Tuesday, 17 March 2015

REVIEW || A Court of Thorns and Roses by Sarah J. Maas

Book Title: A Court of Thorns and Roses (A Court of Thorns and Roses #1)
Author: Sarah J. Maas
Publisher: Bloomsbury Children's (UK), May 7th, 2015
Source: ARC from Publisher
Format: Paperback ARC, 432 pages
LinksGoodreads | Amazon | The Book Depository
Feyre’s survival rests upon her ability to hunt and kill – the forest where she lives is a cold, bleak place in the long winter months. So when she spots a deer in the forest being pursued by a wolf, she cannot resist fighting it for the flesh. But to do so, she must kill the predator and killing something so precious comes at a price. Dragged to a magical kingdom for the murder of a faerie, Feyre discovers that her captor, his face obscured by a jewelled mask, is hiding far more than his piercing green eyes would suggest. Feyre’s presence at the court is closely guarded, and as she begins to learn why, her feelings for him turn from hostility to passion and the faerie lands become an even more dangerous place. Feyre must fight to break an ancient curse, or she will lose him forever.
I don’t think it’s escaped anyone’s notice that I’m quite a big fan of Sarah’s books, so when the lovely people at Bloomsbury sent me an ARC of it for Christmas I was over the moon – the most I had heard about the book was that it was some sort of veiled beauty and the beast re-telling, and there were faeries.

Of course it went straight onto my wishlist.

Overall I can say the book pleasantly surprised me, I did have my worries that the main character [Feyre] would sound too similar too Celaena and therefore have a negative impact on the book, but Feyre was her own person and her narration had a flow that was really easy to get into.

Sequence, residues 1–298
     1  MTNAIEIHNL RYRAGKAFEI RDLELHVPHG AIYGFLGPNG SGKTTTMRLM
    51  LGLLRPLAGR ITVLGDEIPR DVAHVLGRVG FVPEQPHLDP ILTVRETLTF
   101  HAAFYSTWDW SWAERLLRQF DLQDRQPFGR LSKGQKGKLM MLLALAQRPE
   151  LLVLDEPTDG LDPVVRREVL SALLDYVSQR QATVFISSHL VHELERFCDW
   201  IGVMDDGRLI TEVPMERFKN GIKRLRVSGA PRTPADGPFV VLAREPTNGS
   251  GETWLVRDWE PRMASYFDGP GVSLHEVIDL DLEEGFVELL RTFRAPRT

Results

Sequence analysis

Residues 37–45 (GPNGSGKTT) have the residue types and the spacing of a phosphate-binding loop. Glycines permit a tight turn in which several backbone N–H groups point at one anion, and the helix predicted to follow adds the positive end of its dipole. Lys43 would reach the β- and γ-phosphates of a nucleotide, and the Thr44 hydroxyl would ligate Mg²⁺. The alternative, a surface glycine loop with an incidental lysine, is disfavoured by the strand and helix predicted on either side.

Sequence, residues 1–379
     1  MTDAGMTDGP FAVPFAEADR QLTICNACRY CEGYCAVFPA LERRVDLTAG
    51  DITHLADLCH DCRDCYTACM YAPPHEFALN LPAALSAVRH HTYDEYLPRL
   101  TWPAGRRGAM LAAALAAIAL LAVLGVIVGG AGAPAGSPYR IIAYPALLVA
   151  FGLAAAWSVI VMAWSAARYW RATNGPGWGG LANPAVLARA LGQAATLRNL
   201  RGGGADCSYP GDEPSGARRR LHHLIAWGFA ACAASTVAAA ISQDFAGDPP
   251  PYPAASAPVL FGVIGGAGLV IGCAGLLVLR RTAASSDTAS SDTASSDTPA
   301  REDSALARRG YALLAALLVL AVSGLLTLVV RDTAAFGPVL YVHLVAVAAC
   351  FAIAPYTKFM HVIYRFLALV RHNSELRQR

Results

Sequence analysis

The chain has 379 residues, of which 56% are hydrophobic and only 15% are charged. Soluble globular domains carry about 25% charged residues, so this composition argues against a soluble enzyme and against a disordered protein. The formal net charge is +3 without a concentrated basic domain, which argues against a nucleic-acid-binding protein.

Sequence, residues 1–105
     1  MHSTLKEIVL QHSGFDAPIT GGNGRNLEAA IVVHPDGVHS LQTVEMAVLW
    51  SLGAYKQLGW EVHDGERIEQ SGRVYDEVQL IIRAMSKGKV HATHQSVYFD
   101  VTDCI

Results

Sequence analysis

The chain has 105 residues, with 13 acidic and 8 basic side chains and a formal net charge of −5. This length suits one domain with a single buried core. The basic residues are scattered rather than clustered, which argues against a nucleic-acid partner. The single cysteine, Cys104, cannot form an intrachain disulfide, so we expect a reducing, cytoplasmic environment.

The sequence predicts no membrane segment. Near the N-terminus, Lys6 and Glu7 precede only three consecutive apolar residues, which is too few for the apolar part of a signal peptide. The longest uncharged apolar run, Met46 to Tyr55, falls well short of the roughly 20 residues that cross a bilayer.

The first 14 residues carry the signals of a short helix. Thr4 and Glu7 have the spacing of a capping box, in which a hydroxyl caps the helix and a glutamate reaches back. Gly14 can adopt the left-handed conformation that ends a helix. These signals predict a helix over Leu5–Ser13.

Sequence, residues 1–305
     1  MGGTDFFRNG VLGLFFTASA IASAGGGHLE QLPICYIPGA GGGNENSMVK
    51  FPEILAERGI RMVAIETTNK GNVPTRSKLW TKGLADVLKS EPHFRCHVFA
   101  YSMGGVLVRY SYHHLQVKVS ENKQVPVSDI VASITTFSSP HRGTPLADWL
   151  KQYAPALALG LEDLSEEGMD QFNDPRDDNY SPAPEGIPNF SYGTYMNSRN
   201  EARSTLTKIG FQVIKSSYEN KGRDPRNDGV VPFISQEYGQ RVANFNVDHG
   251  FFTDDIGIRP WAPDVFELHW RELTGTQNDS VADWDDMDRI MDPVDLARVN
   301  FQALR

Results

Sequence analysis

The first half of the book is rather docile, and it did bring my expectations of the book down quite a lot but I did enjoy getting to know Feyre and Tamlin, and the new world that Maas created during that half and whilst it wasn’t amazing it still kept me reading every inch of the way and there were some very intense scenes. I mean, wow. Then there’s the big (well, not THAT big) twist and as a result the rest of the book is quite brilliant. I will admit when the concept of the “trials” was brought up my mind did flit to what Celaena had to experience whilst trying to become the king’s champion, but once again even though there was that link Maas still made it unique to the story she was telling and with the way it was written it just knew it would become an instant favourite of mine, and it has.

The relationship between Tamlin and Feyre was one that I found enjoyable to read, although very predictable (throughout the whole book, to be honest) but it just wasn't my favourite, you know, with the prisoner falling in love with the captor… it’s a little distasteful. I absolutely adored the dynamics that the two main characters had with Lucien, he is that character who is a bit of an ass but he brought an element of fun to the novel and consequently meant that not all the focus was on Feylin. 

There were only two real negatives; one of them was that personally I felt that the villain was very removed from the whole story, because of that she didn’t really seem like a threat, and when she was in scene’s she just seemed a little petty. Secondly; the entire book was brilliant but it wasn’t a good as I was expecting it to be. It was written very well, and the imagery that Mass evoked really helped the book along, but there was just a lack of a wow factor. I can see that the novel does have the potential to be amazing, and I have a feeling that due to development in the second novel it’s going to become much better as the series goes on.

In short, A Court of Thorns and Roses has it all; the romance, the funny moments, magic, a dysfunctional family and of course, some great action-ey scenes. It is truly quite brilliant and I do urge you to pick it up and have a read, especially if you’re a bit on the fence about the fantasy genre – I think this is one will help you ease into it.
Rating = 3.5 Bookish Birds

1 comment:

  1. I felt the same way about this book, but the second book is incredible!


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